March is Brain Injury Awareness Month. There is an often-overlooked connection between brain injury and the onset of mental illness. A traumatic brain injury (TBI) is connected with a host of psychiatric and neurobehavioral problems. A history of a TBI that is moderate to severe can cause personality changes, including impulsivity, severe irritability, affective instability, and apathy. A study in 2023 found up to 77% of TBI patients receive a psychiatric diagnosis in the first year after injury. About half of all people with TBI are affected by depression within the first year after injury. The vulnerability of developing a psychiatric illness secondary to a TBI can last decades after the original injury.

Studies have shown that individuals who have experienced TBI, whether through sports-related incidents, accidents, or other causes, are at an increased risk of developing mental health disorders later in life.

Nobody knows this better than local business and community leader Mike Billoni. A near-fatal bicycle accident in 1992 caused a significant injury to his brain (yes, a bicycle helmet saved his life), and his path to recovery included significant mental health issues. Billoni tells his story in a special episode of the Spectrum Health Journey podcast hosted by licensed mental health counselor Malene White and local business executive Bob Stachura.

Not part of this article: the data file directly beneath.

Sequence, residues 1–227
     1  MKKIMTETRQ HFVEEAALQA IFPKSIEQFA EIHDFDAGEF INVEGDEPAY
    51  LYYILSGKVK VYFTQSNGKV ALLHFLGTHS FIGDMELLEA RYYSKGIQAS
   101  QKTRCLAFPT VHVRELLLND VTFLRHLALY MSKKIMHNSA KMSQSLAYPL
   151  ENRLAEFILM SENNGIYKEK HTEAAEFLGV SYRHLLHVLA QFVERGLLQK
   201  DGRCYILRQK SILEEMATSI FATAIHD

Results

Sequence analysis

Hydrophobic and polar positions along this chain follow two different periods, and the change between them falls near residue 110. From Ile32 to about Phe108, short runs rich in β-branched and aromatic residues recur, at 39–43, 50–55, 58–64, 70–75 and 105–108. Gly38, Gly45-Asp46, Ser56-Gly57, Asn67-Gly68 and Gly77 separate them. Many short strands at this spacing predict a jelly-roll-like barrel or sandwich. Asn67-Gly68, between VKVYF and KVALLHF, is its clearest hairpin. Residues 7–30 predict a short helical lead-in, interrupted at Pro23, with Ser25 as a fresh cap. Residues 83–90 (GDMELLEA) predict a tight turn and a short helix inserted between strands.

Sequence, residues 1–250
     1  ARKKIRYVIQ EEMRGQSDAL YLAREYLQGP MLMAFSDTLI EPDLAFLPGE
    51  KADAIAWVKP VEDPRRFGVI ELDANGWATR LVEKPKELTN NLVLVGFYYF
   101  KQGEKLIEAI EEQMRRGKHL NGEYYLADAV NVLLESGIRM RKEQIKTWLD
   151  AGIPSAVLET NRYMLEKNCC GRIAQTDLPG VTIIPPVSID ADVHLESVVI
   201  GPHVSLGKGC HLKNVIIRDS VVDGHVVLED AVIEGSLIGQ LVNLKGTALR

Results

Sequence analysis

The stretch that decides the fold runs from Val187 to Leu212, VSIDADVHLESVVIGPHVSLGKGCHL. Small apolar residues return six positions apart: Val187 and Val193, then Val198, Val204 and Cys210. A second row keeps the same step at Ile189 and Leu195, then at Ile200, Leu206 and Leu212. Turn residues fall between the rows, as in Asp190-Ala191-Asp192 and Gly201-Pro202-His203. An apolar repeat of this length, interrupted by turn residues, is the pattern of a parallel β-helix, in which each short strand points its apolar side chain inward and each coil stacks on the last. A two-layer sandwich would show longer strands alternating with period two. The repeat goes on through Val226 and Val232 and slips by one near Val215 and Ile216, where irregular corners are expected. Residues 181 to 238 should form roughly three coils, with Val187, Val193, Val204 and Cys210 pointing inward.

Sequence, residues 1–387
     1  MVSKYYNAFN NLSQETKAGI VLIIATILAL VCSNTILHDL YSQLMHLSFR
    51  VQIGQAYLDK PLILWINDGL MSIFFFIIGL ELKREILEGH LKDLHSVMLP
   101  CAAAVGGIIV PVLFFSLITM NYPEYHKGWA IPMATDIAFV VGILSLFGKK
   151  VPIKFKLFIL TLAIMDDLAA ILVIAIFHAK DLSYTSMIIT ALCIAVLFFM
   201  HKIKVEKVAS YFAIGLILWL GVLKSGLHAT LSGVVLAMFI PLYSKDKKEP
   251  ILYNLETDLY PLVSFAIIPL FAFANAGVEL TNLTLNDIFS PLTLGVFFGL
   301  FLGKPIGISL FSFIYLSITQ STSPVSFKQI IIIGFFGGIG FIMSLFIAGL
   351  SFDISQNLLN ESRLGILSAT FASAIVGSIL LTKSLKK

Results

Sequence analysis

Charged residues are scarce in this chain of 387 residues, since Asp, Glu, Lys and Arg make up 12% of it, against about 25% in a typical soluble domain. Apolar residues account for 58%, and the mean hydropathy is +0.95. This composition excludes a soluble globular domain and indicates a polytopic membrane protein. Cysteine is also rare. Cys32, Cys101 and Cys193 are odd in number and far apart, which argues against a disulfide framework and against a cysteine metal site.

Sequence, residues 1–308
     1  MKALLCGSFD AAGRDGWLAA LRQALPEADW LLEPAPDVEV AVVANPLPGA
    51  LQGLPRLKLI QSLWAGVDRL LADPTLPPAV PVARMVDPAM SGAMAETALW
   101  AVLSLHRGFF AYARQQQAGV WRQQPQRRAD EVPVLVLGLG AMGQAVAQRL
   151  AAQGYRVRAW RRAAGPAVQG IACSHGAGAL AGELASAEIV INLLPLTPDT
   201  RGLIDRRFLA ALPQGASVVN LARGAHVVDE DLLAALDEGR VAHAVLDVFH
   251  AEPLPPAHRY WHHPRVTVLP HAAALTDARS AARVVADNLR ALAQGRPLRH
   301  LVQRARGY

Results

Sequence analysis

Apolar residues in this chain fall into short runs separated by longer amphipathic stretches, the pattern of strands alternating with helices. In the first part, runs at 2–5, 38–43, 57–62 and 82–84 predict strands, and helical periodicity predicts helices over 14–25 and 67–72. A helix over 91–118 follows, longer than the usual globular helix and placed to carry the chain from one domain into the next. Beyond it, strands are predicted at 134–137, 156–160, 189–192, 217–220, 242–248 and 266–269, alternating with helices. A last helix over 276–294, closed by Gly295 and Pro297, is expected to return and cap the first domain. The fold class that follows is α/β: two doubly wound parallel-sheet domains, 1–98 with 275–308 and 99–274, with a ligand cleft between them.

In this conversation, Billoni says, “About a year after my accident, I had a near nervous breakdown, first diagnosed as bipolar disorder. When the doctor first told me this, when he said it was a mental illness, in my mind I’m saying there’s no way I’m going to tell anyone I had a mental illness.” He’s telling his story now (and is currently writing a book about his experience) to help break the stigmas around mental health.

Also in the podcast, Vocational Rehabilitation Specialist Barbara Brooks shares her experiences in working in this field with co-host Malene White.

Hear it on the Spectrum Health website or WUFO’s podcast platform